Lot 826. A russet decorated black-glazed ovoid bottle, xiaokou ping, Jin dynasty (1115-1234); 7 in. (17.7 cm.) high, Japanese wood box. Estimate: USD 8,000 - USD 12,000. Price realised USD 8,750. © Christie's 2021
The tapering ovoid bottle is surmounted by a small double-ribbed neck, and covered with a lustrous black glaze. The shoulder is painted in russet-brown with two long-tailed birds in flight.
Provenance: Sotheby’s New York, 4 December 1984, lot 241.
Mayuyama, Tokyo, November 2011.
Literature: Kaikodo Journal, New York, Spring 2012, no. 57.
Note: Ovoid jars of this type, with these distinctive small, double-ringed lips, are termed xiaokou ping (small-mouthed bottles) and were probably sealed with a fabric-wrapped wooden dowl and used for storing wine and other liquids. Typically dark-glazed, such bottles are often painted in russet or rust-brown slip with abstract floral decoration or designs suggestive of birds in flight, such as those seen on the present example, characteristically rendered with vigorous, calligraphic strokes.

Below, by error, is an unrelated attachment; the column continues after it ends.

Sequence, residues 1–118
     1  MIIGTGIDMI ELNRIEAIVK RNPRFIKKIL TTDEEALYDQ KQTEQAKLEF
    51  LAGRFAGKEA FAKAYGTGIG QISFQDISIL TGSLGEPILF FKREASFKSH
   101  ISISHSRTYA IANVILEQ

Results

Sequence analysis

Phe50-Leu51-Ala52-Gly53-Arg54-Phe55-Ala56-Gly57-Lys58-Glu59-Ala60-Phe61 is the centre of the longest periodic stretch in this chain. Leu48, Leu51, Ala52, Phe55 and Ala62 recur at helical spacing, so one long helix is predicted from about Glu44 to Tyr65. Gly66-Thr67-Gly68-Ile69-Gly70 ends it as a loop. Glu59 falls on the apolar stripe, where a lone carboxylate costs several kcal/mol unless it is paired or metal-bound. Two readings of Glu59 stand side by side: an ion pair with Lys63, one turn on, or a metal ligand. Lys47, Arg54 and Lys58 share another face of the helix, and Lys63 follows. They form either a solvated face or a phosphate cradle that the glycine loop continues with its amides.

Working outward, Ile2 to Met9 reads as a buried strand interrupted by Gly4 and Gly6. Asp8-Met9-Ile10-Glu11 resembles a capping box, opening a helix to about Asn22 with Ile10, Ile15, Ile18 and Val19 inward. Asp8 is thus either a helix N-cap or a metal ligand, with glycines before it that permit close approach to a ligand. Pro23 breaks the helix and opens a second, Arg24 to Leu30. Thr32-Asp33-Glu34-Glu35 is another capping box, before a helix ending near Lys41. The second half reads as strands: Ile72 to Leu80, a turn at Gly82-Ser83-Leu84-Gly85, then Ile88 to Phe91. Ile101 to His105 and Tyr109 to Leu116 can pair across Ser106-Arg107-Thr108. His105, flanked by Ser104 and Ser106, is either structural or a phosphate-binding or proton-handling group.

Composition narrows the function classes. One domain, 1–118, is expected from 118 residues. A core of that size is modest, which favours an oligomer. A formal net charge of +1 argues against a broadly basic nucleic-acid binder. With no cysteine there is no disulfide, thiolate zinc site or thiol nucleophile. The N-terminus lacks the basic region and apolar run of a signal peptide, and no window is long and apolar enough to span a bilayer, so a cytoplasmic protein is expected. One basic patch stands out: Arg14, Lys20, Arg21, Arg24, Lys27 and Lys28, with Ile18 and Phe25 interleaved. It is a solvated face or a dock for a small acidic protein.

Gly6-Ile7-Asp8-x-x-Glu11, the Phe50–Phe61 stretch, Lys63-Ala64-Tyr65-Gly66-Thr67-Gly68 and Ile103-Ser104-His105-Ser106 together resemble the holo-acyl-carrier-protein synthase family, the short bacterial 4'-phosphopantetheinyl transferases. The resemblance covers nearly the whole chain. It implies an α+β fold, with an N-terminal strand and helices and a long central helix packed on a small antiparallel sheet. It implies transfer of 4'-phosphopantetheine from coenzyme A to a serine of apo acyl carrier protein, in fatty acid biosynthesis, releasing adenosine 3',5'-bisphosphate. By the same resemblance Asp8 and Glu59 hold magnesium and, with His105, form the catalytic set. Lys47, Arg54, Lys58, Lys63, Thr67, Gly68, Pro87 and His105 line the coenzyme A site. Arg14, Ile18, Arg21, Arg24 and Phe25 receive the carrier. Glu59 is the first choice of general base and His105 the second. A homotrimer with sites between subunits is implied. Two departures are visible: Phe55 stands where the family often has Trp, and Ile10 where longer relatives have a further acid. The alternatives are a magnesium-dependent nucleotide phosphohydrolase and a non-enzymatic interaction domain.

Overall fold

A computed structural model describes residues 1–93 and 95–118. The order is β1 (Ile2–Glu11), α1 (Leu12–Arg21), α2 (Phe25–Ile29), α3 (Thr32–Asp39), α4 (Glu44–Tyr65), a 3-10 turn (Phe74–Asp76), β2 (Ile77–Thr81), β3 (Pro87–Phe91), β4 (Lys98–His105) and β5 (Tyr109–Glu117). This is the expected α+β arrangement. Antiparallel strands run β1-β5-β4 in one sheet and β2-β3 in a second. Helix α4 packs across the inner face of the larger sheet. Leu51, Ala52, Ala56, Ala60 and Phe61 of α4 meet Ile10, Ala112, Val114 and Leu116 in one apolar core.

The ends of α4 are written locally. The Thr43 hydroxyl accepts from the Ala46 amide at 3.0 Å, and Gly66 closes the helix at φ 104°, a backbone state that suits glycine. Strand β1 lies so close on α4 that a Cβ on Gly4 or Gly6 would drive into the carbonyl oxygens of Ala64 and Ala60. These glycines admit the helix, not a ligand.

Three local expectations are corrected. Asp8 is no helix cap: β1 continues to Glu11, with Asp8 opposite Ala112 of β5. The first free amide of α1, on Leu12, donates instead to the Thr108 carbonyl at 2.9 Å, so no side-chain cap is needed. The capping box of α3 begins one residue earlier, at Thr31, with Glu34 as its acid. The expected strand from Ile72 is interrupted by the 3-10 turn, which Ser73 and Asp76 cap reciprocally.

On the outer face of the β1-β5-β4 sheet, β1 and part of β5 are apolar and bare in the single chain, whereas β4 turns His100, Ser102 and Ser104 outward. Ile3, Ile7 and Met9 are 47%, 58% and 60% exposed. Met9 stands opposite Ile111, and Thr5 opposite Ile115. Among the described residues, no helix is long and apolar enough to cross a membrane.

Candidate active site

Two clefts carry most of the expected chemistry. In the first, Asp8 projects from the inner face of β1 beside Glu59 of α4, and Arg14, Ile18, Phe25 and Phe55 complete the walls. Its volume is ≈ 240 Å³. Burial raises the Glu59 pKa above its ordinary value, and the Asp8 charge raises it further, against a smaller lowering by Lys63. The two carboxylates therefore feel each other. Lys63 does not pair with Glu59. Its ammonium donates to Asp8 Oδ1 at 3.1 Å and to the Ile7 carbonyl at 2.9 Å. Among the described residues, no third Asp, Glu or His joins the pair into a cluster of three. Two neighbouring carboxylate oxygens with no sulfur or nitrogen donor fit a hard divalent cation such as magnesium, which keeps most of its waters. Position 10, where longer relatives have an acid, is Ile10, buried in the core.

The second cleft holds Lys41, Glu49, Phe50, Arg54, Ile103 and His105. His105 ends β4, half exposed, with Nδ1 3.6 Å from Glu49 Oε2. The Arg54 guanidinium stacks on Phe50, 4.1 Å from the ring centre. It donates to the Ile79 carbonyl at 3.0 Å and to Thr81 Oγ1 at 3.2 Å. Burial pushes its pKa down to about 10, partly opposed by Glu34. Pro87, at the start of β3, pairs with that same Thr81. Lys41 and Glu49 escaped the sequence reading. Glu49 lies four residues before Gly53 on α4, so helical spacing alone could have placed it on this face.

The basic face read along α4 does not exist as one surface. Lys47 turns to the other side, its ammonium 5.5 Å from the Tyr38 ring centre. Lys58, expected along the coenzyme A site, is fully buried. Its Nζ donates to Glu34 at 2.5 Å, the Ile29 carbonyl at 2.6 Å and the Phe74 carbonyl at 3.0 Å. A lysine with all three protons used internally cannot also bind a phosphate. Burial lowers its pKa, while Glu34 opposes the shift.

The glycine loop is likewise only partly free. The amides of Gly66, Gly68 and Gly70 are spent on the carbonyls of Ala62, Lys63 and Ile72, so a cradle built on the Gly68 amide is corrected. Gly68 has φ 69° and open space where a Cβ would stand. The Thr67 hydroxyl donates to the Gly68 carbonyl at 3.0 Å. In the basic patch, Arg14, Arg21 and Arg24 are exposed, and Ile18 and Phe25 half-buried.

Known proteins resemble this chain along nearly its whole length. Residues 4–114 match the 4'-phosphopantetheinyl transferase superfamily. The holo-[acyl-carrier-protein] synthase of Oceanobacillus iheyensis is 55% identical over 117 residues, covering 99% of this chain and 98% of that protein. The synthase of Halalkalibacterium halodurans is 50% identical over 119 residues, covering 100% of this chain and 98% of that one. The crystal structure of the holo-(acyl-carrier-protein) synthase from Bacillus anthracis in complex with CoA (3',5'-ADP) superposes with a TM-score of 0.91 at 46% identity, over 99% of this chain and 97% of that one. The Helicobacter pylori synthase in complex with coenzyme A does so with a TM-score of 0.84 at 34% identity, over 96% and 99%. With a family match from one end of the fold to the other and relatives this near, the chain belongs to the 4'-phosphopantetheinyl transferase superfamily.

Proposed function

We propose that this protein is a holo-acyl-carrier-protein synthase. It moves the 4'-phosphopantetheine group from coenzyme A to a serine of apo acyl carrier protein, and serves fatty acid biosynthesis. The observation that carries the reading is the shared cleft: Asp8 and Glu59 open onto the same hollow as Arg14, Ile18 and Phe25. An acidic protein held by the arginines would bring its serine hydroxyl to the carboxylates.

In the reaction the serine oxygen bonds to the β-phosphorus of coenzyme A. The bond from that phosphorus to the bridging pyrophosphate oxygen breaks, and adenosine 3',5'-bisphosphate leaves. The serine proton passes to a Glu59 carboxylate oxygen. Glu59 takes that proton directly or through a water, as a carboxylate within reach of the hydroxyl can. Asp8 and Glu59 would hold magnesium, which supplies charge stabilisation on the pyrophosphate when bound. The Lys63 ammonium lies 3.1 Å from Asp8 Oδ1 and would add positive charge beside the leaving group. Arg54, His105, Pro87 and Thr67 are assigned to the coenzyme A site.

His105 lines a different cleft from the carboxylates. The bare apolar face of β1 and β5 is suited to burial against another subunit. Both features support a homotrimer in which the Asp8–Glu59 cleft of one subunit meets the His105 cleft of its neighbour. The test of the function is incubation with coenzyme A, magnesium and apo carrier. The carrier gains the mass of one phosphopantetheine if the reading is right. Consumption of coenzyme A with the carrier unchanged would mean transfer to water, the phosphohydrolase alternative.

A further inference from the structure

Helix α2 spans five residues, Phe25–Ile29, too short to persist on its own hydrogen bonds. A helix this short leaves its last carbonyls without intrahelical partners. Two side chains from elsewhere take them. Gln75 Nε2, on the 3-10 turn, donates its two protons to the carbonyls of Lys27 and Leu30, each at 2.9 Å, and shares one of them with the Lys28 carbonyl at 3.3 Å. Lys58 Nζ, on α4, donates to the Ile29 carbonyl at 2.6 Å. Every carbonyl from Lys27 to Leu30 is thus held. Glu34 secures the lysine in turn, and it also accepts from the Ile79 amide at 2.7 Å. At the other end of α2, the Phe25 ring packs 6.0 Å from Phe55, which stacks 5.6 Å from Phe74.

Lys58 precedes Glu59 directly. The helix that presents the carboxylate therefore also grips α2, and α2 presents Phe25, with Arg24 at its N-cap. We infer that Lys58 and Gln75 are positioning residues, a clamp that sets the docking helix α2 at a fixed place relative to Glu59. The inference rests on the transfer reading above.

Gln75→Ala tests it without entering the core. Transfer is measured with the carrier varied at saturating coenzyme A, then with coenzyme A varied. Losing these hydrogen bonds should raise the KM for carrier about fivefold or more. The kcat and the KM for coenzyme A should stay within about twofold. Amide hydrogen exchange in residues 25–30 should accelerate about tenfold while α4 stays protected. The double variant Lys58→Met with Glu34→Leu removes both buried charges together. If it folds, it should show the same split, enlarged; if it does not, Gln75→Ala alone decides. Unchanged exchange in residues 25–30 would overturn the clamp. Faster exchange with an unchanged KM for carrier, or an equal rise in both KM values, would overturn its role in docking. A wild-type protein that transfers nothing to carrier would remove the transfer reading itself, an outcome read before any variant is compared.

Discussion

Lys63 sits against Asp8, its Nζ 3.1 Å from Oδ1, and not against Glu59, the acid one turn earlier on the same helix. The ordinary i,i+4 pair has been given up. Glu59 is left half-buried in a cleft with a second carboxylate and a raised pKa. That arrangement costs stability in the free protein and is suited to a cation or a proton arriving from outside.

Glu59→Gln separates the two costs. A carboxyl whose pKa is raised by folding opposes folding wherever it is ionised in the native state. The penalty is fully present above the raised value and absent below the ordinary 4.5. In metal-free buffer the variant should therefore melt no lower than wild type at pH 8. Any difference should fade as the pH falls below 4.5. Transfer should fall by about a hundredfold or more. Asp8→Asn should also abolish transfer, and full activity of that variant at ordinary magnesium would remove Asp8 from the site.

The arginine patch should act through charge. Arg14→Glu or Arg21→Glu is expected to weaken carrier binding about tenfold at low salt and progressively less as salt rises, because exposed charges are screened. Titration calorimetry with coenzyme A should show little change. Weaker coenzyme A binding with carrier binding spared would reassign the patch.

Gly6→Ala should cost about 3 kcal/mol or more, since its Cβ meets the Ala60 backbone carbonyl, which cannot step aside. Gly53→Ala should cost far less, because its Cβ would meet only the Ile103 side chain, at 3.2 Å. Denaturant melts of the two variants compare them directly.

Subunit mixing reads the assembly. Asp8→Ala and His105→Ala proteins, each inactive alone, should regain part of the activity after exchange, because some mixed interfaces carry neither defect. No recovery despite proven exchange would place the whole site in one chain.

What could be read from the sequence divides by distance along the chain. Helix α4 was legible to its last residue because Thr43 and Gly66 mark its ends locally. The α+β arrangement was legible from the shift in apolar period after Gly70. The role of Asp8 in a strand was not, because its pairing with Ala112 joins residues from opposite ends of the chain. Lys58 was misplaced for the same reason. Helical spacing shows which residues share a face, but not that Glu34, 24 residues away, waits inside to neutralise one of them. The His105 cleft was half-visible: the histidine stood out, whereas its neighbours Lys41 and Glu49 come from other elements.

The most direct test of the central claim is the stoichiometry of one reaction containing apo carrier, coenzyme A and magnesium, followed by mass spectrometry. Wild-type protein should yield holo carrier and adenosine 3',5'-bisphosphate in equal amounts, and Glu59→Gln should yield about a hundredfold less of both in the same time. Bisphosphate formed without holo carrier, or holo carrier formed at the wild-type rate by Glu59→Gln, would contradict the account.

A bottle from the collection of Robert M. Ferris IV with similarly-painted birds in flight rendered in russet against a black glaze is illustrated by R. Mowry, Hare's Fur, Tortoiseshell, and Partridge Feathers, Harvard University Art Museums, Cambridge, 1996, p. 162, no. 53. Another black-glazed example painted with birds in russet is illustrated R. Krahl, Chinese Ceramics from the Meiyintang Collection, vol. 1, London, 1994, p. 255, no. 465
Christie's. Important Chinese Ceramics and Works of Art, New York, 23-24 september 2021